Adele cleaned up, sweeping the six categories she was nominated in, during Sunday’s 54th annual Grammy Awards from the Staples Center in Los Angeles, as the music world still reeled in the wake of Whitney Houston’s shocking death at 48 a day before.
The 23-year-old British soul singer went 6-for-6 in the categories she was nominated in, including album of the year, record of the year, and song of the year for her second album, 21. With the six wins, Adele tied Beyoncé for the most ever by a female act in a single year.
“This record is inspired by something that is really normal and everyone’s been through it … just a rubbish relationship,” said Adele, who made her return to the stage after undergoing vocal cord surgery last November. “It’s gone on to do things that I can’t tell you how I feel about them.
“It’s been the most life-changing year.”
Elsewhere, big winners on the night included The Foo Fighters with five Grammys, and an absentee Kanye West with four.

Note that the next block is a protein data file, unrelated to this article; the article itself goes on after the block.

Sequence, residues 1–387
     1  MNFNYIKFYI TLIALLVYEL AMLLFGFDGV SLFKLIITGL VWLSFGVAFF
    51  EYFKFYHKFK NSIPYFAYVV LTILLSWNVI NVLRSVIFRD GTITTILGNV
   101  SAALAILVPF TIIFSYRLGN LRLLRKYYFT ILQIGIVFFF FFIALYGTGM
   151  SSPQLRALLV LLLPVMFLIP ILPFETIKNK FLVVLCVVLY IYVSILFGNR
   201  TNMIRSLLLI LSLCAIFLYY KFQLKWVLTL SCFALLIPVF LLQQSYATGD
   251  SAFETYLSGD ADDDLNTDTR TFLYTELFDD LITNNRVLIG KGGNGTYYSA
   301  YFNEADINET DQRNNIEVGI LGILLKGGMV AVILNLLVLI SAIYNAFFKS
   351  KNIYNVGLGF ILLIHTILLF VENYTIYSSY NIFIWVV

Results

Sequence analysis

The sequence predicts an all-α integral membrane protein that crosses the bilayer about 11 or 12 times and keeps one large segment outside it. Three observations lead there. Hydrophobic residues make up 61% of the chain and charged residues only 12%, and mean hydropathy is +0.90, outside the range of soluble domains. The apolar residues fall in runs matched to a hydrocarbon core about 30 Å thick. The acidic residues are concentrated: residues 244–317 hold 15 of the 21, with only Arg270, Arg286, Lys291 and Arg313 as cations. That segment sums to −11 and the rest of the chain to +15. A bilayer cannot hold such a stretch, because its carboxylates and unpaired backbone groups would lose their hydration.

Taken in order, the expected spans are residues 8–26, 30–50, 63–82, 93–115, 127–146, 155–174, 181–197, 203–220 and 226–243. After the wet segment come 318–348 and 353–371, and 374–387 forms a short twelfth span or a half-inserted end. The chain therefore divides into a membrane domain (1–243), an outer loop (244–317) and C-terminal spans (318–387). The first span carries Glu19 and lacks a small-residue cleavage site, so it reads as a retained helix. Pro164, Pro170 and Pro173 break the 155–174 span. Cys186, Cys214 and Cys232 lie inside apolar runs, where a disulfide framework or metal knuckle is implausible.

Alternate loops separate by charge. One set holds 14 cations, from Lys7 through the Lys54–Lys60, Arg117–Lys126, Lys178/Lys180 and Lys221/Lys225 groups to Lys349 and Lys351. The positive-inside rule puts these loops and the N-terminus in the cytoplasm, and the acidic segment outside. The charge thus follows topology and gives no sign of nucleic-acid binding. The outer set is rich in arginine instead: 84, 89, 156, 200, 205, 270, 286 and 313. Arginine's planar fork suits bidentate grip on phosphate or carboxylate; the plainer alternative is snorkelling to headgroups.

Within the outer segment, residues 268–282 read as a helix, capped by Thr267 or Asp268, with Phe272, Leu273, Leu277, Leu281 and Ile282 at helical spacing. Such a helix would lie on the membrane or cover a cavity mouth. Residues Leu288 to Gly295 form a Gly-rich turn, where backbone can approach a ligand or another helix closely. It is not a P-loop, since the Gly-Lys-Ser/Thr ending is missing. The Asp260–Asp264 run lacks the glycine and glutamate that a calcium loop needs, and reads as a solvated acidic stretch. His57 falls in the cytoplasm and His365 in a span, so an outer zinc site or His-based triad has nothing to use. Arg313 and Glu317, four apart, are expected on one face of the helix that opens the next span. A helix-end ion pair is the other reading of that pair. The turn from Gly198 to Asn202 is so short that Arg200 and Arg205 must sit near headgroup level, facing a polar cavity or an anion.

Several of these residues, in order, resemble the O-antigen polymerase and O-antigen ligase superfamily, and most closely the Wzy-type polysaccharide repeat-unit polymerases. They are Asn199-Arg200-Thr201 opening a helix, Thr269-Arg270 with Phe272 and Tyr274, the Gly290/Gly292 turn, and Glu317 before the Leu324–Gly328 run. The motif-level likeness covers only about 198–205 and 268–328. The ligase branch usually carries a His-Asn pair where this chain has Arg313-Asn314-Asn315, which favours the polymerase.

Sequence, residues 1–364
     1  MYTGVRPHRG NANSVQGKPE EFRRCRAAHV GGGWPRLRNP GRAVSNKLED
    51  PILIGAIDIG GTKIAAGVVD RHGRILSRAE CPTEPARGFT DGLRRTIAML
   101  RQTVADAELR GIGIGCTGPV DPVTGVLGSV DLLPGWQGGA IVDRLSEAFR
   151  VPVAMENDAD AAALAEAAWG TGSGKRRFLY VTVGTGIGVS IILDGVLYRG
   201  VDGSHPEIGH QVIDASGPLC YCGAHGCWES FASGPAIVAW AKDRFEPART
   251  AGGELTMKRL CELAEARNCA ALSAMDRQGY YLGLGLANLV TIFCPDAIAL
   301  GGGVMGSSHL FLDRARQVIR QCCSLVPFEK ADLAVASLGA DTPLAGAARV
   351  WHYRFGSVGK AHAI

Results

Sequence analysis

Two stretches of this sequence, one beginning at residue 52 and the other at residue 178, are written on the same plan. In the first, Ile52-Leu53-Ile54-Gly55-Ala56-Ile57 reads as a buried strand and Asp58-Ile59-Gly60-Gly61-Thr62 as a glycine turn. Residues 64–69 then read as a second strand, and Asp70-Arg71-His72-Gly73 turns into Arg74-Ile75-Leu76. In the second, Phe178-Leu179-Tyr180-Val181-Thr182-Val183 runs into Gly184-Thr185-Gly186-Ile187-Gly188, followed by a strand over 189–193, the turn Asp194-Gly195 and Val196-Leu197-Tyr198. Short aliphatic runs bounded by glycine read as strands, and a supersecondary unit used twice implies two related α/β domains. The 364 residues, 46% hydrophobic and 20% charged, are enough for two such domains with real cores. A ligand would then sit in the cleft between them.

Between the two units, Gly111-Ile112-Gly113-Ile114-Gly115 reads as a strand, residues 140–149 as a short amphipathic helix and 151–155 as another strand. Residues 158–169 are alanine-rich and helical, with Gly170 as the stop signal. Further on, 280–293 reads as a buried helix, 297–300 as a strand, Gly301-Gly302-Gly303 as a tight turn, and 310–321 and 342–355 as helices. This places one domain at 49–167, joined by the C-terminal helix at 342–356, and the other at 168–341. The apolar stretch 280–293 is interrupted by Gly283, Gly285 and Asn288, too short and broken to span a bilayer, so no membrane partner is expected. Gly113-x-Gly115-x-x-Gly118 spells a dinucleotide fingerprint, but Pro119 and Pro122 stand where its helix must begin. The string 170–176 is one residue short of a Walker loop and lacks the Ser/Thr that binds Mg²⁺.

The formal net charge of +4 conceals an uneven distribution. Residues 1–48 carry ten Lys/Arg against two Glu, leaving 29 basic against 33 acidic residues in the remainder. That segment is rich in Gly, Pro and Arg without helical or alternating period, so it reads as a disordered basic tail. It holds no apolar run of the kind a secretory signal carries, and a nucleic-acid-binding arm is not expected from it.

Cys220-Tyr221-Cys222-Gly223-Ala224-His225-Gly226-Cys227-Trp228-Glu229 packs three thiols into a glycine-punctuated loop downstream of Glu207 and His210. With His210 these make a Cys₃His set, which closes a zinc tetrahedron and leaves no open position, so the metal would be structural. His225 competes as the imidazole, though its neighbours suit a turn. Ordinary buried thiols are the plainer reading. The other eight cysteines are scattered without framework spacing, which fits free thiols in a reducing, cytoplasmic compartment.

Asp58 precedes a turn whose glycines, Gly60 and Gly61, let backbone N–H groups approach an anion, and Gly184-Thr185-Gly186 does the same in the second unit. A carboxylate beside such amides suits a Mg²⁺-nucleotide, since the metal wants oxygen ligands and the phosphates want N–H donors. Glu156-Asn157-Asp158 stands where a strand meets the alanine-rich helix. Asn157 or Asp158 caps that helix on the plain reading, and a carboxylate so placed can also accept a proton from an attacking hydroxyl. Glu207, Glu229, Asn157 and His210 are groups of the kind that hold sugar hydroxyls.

The ceremony was underscored by Houston’s death, highlighted by Jennifer Hudson’s defining moment in singing Houston’s biggest hit, her ballad from 1992’s The Bodyguard, I Will Always Love You.
Hudson reportedly wept as she rehearsed, as she and Houston were close. (In 2009, Houston presented Hudson with the Grammy for Best R&B Album.)
Other stars who paid tribute to the late music legend included Bruno Mars, Alicia Keys, Rihanna, Stevie Wonder and host LL Cool, who left his classy fingerprint on the night in honoring his colleague.
“This night is about something truly universal and healing,” he said. “This night is about music.”
While former Grammy darlings Lady Gaga and Katy Perry went home empty-handed, the resurgent Chris Brown took home his first Grammy for Best R&B Album for F.A.M.E.; and Taylor Swift continued her award show domination with two wins for Best Country Song and Best Country Solo Performance for Mean.
Other highlights included performances from the Beach Boys with Adam Levine and Foster the People; and Country legend Glen Campbell, who was diagnosed last year with Alzheimer’s disease, singing his signature tune, Rhinestone Cowboy. The show also included tributes to other stars who recently died such as Etta James and Soul Train creator Don Cornelius.